How improper joinder can end infringement cases once and for all…

I am very excited to see that judges are starting to get involved in the discussion of whether it is proper to sue tens, hundreds, or thousands of John Doe Defendants accused of downloading copyrighted films (usually pornographic in character, and using BT to do so) in one lawsuit.

Just a few days ago, I wrote about Judge Beryl Howell’s opinion in D.C. where she ruled that joinder of any number of defendants in a BT lawsuit is OKAY. Her reasoning centered around the fact that the defendants are unnamed, and [ignoring the mass extortion scheme that is causing many families to hand over their life’s savings to the copyright trolls] that it is more “convenient” for the court to manage one lawsuit with thousands of UNNAMED Doe Defendants rather than trying to manage thousands of lawsuits with one defendant in each lawsuit.

This evening, I read an article from Sophicticated Jane Doe’s “Fight Copyright Trolls” (kudos to Raul) entitled “Judge Marrero: Pornography may not be entitled to copyright protection.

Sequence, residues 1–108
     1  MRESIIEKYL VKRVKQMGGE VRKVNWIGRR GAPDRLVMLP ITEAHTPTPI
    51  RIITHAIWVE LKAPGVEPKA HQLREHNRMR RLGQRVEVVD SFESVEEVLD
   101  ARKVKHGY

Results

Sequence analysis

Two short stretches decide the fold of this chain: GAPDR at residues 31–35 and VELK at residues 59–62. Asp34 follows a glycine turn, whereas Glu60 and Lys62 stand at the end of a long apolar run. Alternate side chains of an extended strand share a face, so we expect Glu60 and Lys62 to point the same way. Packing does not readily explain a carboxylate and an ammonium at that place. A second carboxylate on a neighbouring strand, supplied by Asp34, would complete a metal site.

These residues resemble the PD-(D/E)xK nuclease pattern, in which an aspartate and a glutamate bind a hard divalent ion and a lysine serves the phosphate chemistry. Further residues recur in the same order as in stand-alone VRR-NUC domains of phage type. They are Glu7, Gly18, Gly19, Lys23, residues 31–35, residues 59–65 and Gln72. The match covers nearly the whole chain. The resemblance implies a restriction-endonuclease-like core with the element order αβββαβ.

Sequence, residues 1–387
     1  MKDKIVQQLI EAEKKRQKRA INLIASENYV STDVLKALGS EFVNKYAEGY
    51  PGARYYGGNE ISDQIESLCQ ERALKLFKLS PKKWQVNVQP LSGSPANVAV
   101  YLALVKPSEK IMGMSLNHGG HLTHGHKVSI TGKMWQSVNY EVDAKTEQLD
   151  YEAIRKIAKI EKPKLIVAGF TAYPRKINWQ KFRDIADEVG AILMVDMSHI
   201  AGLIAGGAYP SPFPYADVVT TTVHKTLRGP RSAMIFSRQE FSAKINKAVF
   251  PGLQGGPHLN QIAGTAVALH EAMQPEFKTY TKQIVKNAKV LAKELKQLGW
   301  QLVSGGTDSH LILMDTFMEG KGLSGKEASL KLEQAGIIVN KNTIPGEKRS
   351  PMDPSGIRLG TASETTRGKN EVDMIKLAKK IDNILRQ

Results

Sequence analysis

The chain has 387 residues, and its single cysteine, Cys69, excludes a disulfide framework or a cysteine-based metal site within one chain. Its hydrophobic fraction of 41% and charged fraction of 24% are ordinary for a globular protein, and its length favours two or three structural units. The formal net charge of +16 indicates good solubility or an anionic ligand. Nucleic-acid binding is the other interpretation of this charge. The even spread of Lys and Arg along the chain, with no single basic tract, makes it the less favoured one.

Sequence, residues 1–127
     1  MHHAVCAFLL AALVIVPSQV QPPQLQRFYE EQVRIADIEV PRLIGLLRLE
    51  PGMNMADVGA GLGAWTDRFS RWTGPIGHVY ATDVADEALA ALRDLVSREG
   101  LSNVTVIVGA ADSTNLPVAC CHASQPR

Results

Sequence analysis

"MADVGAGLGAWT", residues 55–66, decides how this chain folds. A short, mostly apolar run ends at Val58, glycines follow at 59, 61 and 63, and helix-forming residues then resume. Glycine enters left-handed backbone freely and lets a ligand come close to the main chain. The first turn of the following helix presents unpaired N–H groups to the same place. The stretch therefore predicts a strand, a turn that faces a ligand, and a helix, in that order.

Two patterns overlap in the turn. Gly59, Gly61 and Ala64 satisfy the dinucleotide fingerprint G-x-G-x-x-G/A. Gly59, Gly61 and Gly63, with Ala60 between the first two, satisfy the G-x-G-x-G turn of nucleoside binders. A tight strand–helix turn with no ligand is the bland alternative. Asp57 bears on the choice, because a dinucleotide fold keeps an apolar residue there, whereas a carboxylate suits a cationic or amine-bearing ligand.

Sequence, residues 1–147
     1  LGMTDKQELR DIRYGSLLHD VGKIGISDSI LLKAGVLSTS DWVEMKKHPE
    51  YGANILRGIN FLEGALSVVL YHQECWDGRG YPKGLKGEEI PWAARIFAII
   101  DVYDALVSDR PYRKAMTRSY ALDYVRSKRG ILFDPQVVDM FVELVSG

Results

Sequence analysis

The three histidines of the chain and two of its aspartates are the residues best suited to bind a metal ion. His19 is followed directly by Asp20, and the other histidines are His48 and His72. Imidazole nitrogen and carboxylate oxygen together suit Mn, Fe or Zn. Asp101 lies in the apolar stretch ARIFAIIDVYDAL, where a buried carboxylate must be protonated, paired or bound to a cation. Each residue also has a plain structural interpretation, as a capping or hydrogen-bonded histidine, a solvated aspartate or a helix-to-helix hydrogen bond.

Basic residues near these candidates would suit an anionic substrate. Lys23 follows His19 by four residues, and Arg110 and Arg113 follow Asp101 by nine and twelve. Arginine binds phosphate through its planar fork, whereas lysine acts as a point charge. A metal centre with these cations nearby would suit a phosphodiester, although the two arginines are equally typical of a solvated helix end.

Quite frankly, the article is not only one of the best articles I have read yet, but it teaches and describes the issues in a very methodical order and in a way that cannot be replicated in any blog post of mine, and for this reason, I highly suggest that you read 1) that article, and 2) the actual order (which is equally a good read for those interested in the topic).

My contribution is that although this order predated Judge Howell’s order, it addressed the split not only in the Southern District of New York, but it also describes the issues surrounding BT copyright infringement cases in which judges have been ruling inconsistently across the federal districts. It demonstrates that the issues are heating up, and that there is a need for consistent application of the joinder rules across the federal districts.